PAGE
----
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Trends point to rapid urban growth

Trends point to rapid urban growth

College Station, Texas — By 2050, a city the size of London could be created every seven weeks if current trends in urban expansion continue, according to a study co-led by a Texas A&M University faculty-researcher.

Burak Güneralp, assistant professor in the Department of Geography, College of Geosciences and colleagues published their work as a report in The Nature Conservancy. The report will be presented to the national delegates at the 14th Conference of the Parties to the United Nations Convention on Biological Diversity in Egypt. The findings in the report largely rely on the urban expansion forecasts Güneralp developed earlier.

The study shows that urban growth presents extreme challenges to biodiversity and ecosystem services due to the ongoing loss and fragmentation of habitats from the expansion of cities.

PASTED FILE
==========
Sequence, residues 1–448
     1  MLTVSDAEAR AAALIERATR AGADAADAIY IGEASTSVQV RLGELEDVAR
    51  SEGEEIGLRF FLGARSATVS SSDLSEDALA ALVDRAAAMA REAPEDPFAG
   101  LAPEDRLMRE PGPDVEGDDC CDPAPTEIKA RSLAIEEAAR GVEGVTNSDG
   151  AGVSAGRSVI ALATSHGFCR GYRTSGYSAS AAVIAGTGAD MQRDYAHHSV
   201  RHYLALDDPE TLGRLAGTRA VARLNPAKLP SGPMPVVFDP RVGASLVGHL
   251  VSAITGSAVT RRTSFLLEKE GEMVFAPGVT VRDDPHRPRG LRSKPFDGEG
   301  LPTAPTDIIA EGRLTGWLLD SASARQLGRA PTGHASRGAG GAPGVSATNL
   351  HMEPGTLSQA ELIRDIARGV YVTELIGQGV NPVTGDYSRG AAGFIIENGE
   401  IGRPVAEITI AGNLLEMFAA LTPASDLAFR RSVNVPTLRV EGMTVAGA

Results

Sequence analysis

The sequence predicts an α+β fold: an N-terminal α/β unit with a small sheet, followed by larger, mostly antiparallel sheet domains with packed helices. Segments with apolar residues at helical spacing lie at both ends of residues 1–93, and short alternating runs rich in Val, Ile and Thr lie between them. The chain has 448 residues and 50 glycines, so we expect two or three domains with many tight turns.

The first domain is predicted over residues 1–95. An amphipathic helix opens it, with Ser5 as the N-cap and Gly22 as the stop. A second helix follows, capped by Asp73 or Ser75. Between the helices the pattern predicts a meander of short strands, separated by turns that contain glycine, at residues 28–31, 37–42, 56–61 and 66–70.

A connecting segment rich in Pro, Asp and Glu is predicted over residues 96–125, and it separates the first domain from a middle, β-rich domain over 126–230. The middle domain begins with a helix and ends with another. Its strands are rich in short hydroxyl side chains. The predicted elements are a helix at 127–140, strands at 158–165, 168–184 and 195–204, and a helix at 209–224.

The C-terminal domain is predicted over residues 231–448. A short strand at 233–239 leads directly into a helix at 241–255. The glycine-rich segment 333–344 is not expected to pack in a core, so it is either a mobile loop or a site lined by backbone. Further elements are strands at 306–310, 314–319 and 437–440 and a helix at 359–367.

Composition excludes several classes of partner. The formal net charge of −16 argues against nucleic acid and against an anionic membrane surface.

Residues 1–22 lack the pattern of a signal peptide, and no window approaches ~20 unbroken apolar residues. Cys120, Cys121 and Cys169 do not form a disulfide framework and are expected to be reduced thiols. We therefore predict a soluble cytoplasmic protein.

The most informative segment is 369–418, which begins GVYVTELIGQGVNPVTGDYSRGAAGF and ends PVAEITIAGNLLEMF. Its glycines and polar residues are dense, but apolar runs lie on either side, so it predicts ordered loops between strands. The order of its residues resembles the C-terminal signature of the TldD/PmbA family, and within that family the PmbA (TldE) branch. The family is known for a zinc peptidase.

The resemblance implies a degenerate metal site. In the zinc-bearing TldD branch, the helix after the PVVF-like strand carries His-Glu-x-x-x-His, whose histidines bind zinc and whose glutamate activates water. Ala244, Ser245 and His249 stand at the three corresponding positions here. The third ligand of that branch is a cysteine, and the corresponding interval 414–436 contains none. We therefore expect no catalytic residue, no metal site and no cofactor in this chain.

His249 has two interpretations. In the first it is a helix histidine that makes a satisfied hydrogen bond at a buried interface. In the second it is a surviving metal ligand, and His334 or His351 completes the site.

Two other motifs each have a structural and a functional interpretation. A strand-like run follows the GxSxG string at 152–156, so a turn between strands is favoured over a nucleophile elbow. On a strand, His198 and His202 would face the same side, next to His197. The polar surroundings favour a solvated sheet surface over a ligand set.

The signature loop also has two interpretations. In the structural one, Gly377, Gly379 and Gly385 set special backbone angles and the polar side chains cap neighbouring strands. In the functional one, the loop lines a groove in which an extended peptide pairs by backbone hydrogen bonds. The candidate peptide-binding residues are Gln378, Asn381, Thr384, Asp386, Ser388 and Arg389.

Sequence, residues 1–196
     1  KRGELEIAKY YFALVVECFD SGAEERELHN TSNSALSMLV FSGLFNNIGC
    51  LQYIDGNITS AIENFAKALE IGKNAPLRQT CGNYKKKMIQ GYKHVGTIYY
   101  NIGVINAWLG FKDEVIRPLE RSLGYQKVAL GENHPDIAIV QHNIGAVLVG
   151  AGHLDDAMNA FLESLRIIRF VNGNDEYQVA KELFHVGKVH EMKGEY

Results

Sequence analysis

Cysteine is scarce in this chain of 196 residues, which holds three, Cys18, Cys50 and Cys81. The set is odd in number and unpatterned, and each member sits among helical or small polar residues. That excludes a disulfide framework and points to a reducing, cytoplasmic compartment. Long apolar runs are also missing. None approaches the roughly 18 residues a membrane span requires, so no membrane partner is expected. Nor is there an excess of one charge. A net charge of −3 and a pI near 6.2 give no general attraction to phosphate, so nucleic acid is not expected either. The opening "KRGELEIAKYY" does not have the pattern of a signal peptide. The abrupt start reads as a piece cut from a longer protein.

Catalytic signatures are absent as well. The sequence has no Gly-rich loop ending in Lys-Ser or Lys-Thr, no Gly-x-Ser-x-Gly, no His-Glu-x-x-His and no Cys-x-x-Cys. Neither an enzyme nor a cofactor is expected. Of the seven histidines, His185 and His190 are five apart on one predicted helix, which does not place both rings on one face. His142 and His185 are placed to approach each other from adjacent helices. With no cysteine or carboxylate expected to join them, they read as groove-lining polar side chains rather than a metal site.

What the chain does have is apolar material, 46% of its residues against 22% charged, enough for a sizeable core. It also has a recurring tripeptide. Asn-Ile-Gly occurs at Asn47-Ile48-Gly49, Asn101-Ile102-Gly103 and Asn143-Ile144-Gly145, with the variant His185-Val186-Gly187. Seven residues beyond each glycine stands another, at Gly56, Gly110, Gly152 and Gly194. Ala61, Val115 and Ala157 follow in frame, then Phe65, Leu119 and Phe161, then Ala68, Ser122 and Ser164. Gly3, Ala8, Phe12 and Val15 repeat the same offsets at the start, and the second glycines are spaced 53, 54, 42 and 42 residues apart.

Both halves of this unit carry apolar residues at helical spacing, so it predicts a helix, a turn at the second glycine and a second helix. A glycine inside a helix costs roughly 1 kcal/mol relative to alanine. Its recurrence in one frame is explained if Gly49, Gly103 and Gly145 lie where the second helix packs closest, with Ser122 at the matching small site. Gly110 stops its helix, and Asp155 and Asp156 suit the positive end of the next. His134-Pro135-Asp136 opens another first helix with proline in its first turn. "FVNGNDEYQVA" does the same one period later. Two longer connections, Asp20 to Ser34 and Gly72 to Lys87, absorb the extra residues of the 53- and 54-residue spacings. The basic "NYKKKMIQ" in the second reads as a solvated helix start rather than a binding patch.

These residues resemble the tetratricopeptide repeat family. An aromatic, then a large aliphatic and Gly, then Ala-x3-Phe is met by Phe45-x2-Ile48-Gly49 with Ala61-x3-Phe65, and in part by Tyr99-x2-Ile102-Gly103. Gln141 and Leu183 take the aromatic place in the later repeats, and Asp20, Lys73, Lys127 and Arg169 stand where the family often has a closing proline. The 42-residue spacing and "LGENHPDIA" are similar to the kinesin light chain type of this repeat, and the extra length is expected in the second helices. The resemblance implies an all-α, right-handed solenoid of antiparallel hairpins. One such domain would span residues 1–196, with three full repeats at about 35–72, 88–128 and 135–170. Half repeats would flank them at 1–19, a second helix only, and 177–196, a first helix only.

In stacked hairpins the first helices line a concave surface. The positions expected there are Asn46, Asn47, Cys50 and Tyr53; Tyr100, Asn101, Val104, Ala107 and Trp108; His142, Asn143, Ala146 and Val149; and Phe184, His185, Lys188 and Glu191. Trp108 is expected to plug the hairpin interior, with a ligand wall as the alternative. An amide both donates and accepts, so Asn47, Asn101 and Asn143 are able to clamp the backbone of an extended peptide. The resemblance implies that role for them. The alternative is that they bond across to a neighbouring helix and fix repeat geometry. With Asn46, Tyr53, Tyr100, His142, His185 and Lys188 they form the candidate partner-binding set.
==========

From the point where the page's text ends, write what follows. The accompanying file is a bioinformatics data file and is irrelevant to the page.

“The message is clear: We have to take action and we must do it quickly,” Güneralp says of the team’s findings. “The challenges presented by urban expansion for conservation of biodiversity and ecosystem services we all depend on are only going to get more intense as the world continues to urbanize.”

The report’s findings show that by 2050, there will be 2.4 billion more people in cities. This means:

  • Humanity will urbanize an area of over 460,000 additional square miles, larger than the entire country of Colombia.
  • Over 70,000 square miles of natural habitat could be destroyed by 2030.
  • Natural habitats likely to be lost to urban growth store an estimated 4.3 billion tons of carbon dioxide. This would be the equivalent of the annual carbon dioxide emissions from 931 million cars on the road.
  • Coastal areas could be especially affected by urban expansion and by 2030 urban areas are projected to more than double, increasing the number of those urban dwellers who depend on protection from natural ecosystems to more than 330 million people.

Countries expected to lose the most natural habitat due to urban growth include the United States, Brazil, Nigeria and China, the study finds.